LSQ Courses: An Innovative, Modern Approach Designed by CBLS

LSQ Courses: An Innovative, Modern Approach Designed by CBLS

By Cynthia Benoit 

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Did you know that, according to Forbes and the New York Times, American Sign Language (ASL) has been the 3rd most studied language in the United States in recent years? 

Needless to say, in addition to this popularity, which has been growing for 10 years thanks to different depictions in the media, including the TV series Switched at Birth, the COVID-19 pandemic increased the visibility of Quebec sign language (LSQ) on different media platforms, sparking the collective curiosity about this lovely language called LSQ.  

Eager to provide optimal opportunities for learning LSQ and to be your ally in the development of your LSQ skills, CBLS is leading the way by offering online LSQ courses while embracing a modern, innovative educational philosophy.   

During the LSQ skills assessment project (ÉvaLSQ) that our team worked on in recent months, we realized that the main problems encountered by signers are mostly related to LSQ grammar, including facial expressions, the use of signing space and enactment (1) 

Based on this observation, we developed innovative teaching materials for the LSQ courses, which include these essential linguistic fundamentals in a discourse context. In addition, all the courses were prepared by a team made up of two Deaf linguists and experienced trainers, based on the ÉvaLSQ skills rubric, which allows learners to have a “map” or, in other words, a tangible overview of their learning, and to see how they are progressing, while being able to independently set objectives.  

This linguistic map is intended as a tool serving to strengthen learners’ autonomy and is one of the key attributes of our LSQ courses. Moreover, all of our trainers are Deaf and native signers2, and you can learn LSQ in the comfort of your own home.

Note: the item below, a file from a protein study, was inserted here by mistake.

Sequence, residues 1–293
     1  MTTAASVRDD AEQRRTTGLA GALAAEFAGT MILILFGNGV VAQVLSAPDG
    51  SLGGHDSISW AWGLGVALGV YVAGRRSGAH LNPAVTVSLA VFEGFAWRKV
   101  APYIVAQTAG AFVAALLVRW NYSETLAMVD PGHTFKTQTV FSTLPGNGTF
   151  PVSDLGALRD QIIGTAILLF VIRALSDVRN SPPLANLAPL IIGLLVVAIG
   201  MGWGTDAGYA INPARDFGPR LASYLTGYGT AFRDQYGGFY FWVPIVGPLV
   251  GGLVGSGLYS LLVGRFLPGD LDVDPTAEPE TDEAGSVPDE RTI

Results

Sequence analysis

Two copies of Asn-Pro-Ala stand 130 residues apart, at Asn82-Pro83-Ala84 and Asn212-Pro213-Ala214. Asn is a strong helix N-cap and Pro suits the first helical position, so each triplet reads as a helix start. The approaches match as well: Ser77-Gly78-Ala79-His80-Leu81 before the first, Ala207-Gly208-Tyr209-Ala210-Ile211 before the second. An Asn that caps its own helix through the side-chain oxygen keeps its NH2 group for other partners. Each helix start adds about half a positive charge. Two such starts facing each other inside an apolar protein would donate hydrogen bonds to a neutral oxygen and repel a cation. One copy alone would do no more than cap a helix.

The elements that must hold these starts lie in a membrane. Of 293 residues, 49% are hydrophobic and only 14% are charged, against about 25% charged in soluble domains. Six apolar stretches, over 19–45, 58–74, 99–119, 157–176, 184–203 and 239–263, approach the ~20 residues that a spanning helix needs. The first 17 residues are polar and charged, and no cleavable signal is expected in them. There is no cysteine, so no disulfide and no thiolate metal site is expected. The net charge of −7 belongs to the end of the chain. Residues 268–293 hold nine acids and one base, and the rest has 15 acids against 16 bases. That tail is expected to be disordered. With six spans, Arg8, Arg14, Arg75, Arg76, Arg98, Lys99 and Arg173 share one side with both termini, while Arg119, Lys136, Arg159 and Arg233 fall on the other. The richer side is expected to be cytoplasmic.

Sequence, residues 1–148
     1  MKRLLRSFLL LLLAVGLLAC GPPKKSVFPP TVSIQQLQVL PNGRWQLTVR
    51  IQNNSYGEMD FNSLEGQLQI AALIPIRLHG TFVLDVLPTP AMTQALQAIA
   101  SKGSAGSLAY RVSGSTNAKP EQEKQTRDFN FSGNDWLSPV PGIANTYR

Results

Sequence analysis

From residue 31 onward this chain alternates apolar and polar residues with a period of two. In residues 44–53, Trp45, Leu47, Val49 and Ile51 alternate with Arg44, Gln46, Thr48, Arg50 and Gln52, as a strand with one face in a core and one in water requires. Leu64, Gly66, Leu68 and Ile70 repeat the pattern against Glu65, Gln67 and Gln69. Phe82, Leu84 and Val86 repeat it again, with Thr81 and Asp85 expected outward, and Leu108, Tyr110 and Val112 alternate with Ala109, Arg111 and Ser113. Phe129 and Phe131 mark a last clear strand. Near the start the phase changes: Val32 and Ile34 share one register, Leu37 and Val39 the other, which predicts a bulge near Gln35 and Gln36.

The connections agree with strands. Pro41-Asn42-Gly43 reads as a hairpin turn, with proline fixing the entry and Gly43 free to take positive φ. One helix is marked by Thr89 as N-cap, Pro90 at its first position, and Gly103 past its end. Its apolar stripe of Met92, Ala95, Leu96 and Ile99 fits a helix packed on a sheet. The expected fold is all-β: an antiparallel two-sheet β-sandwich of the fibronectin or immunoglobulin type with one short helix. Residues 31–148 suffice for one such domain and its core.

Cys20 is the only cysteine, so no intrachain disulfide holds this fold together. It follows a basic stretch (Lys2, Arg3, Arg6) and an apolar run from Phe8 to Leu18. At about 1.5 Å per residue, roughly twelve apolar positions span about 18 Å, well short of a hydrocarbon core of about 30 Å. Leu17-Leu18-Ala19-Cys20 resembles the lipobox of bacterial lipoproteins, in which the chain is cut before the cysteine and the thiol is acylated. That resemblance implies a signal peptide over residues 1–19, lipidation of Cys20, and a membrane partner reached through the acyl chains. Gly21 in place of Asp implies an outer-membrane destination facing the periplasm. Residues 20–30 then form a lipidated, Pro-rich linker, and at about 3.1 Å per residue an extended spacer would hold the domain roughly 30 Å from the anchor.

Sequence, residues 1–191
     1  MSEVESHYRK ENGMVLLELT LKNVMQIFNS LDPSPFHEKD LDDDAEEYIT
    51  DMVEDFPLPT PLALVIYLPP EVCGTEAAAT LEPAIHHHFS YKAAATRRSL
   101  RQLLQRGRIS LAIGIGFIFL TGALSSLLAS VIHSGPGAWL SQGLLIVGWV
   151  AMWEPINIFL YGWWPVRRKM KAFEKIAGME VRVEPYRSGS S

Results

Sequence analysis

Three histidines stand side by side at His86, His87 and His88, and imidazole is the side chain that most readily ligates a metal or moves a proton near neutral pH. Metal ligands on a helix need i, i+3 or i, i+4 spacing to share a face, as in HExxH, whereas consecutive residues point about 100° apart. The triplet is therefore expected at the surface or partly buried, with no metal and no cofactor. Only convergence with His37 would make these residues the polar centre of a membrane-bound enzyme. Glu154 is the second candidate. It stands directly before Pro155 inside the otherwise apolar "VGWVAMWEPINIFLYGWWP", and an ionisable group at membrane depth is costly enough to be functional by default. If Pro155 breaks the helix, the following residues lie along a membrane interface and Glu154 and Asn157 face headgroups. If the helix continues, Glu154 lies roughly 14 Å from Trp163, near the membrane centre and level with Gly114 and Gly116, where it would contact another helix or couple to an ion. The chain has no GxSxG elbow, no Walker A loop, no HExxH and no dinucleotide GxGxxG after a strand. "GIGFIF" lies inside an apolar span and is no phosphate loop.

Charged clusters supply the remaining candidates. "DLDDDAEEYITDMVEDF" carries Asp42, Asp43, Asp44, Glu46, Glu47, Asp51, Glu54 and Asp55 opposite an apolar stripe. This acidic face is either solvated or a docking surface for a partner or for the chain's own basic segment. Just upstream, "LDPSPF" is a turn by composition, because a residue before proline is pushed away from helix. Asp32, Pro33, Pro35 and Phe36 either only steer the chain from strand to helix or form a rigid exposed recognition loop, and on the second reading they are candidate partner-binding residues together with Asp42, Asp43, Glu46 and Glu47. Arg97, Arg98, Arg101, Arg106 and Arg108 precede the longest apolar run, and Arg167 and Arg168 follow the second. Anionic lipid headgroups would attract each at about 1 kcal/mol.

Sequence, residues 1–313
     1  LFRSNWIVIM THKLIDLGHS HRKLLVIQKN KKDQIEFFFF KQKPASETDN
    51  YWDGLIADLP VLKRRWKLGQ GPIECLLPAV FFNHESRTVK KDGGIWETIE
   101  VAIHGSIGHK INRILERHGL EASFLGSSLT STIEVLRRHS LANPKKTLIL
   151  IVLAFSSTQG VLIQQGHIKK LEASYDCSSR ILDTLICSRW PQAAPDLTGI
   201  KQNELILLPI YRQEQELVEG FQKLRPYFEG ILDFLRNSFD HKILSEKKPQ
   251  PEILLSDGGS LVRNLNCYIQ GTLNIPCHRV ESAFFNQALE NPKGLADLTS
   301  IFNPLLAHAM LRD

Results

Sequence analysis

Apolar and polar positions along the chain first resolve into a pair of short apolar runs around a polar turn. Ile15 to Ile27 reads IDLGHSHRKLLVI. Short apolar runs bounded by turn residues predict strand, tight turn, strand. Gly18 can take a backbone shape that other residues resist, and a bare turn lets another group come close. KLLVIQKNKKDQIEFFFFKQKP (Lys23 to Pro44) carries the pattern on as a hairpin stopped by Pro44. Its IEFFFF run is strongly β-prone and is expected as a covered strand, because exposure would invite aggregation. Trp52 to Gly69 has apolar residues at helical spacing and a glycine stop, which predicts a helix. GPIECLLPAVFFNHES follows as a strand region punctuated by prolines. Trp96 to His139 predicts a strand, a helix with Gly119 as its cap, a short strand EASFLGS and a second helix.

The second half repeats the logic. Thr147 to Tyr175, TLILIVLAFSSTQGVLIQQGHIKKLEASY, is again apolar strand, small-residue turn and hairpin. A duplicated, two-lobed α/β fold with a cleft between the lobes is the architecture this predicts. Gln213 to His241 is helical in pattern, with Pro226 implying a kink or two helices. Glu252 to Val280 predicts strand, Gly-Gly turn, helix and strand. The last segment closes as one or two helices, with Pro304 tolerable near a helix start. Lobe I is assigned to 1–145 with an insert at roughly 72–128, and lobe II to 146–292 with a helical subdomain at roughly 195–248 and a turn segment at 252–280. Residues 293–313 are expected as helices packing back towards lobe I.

For additional information about: 

1 Definitions

Facial expressions: These are behaviours that are not produced by the hands. They can be produced by the head, shoulders and torso or by parts of the face, in particular, the eyes, eyebrows, nose, cheeks and mouth. These non-manual markers provide linguistic-type information and also allow the signer to convey practical information (for example, emotions, opinions, etc.).  

The use of signing space: Signing space refers to the space in front of the person when they communicate in sign language. Because sign language is a three-dimensional language, the person signing will need their space from head to hips. Signs should not go too far beyond the space intended for this purpose in order to avoid exhaustion, maintain the signer’s attention and ensure the safety of the people around them. As crazy as it may seem, it keeps the signer from catching onto someone passing by while they are signing, which happens more often than you might think.  

Enactment: Enactment in signed discourse allows the narrator to report the words, gestures or thoughts of another person in the first person as if they were the agent. This direct discourse structure is also sometimes called “role shift” or “constructed action”. In other words, another person is physically represented through the simultaneous production of signs by different articulators (such as the head, torso, eyes and facial expressions).  

2 For additional information about our instructors, please refer to this article: Why Learn A Sign Language With A Qualified Deaf Instructor?